Since the total duration of TRT is not strictly defined, only the minimum time is required, as explained in Section 2; in practical field testing, this always leads to a certain degree of analysis error. Since the final duration is arbitrarily chosen by the TRT operator, different test times could lead to quite different thermal conductivities. Figure 9 shows an analysis of thermal conductivity values with variable test duration between 36 and 96 h. When looking at the thick lines on both graphs, for CXC and CXA, it can be seen that choosing different TRT periods could lead to as much as a 20% difference in the final result. From a standpoint of modelling geothermal heat pumps with multiple boreholes, such discrepancies could have a significant impact on oversizing or undersizing the geoexchange system, and on technoeconomical benefit.
Such a difference in results is influenced primarily by two factors: fluctuations of voltage in the public electrical grid, which is the usual method of powering TRT; and interferences between the surface equipment and air temperature, especially during the winter months. As explained in Section 2, fluctuations in voltage from the public grid are regularly seen to be following recognizable patterns in a 24-h cycle, depending on the specific demand during the day and night. Therefore, to at least try to minimize the effects of this on the development of line slope, as shown in Figure 6b, TRT duration should follow a 24 h multiplication factor (i.e., 48, 72, 96 h or 36, 60, 84 h). The other major concern is that of ambient temperature interfering with the TRT equipment and header pipes. As seen from Figure 5e, we used a header pipe length of 3 m from the borehole shaft to the TRT equipment in order to purposely magnify this effect, although the entire setup was properly insulated with 12 mm of caoutchouc rubber insulation. The effect of this could be seen in terms of the higher conductivity deviation for the CXC, as opposed to the CXA flow arrangement. Theoretically, flow direction arrangement does not have an impact on the conductivity measurement procedure, but rather on borehole resistance; nevertheless, the CXC tests were carried out during autumn/winter months, and the CXA during the spring months. The data shown in Table 2 conclusively suggest this claim, explaining the reason for the higher measured thermal conductivity for the CXC compared to the CXA tests.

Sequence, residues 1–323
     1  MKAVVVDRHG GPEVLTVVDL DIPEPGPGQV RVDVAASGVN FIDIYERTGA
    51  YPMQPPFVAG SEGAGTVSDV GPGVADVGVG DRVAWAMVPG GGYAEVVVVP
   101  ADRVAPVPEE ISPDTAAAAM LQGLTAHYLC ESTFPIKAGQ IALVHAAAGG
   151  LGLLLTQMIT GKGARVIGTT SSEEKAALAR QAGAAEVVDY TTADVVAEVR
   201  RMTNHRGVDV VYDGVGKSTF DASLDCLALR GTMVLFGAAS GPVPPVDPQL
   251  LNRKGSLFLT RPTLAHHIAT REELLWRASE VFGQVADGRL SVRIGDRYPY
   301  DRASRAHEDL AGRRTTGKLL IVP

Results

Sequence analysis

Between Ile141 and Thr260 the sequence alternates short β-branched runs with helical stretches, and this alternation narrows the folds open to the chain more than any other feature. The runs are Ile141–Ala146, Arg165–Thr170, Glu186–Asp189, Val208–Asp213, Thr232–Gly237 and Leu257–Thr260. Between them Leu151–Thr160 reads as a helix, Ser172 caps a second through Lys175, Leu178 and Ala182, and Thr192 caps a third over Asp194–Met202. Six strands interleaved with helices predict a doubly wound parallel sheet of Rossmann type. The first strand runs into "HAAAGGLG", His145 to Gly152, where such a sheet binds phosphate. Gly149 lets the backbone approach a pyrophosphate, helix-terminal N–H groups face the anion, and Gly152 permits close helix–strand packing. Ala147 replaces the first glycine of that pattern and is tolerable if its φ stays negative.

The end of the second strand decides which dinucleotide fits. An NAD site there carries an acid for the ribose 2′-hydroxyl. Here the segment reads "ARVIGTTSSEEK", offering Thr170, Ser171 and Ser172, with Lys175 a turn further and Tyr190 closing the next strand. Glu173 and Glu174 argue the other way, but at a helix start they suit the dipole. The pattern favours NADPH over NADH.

Prolonging the TRT procedure by conducting additional recovery period, and using Horner’s method to interpret the data, could lead to higher accuracy in approaching the actual ground thermal conductivity. This is clearly seen from Figure 9, where thermal conductivity obtained by Horner’s method from the recovery period gives more symmetrical results, for both the CXC and CXA setups. This is explained by the fact that the recorded data is smooth, since there is no heat power applied (coefficient of determination from 0.996 to 1.0, as seen from Figure 8), and the fact that during the winter months, the interference heat flux between ambient and TRT equipment is lower, due to the lower temperature difference between the air temperature and the fluid temperature. The entire analysis presented with the two-step TRT principle could provide geothermal engineers a more precise method for qualitatively interpreting field data.
Furthermore, as stated in Section 3.4, both the TRT period and the recovery period could be used to determine the equivalent borehole resistance or skin effect, an equally important parameter for the efficient design of geoexchange systems. By applying Equations (24) and (25) to TRT data for each heat step, and Equation (27) for Horner’s method on the recovery period, the following values were obtained, as shown in Table 3. It can be seen that the CXA flow arrangement generally shows a higher skin effect or equivalent borehole heat resistance (approximately +5%), which is in line with our previous research in this field [23], in which the borehole resistances of inclined coaxial and vertical 2U-loop heat exchangers were compared.
Figure 10 shows the analysis of the ground temperature change at a certain radius away from the borehole after a Thermal Response Test time of 72 h. Temperature change was calculated with the infinite line source solution presented in a Section 3.1 for the case of five heat rejection steps. Due to its having more equable values, the ground effective thermal conductivity was set as the average of all ten measurements conducted by the Horner method in the recovery test period (Table 3). As mentioned in Section 4, densely drilled and installed inclined coaxial heat exchangers from a single shaft are prone to thermal interference between adjacent pipes for the first few meters of depth. As seen in Figure 10, for a TR test time of 72 h, these interferences could be ignored, as temperature change is negligible for a radius larger than 1.0 m. As shown in Figure 5, the two inclined boreholes were closer than this value only very near the surface, since drilling was conducted at a 45° angle and in opposite directions. This result also suggests that the infinite line source solution is reasonable to use for two boreholes connected in series.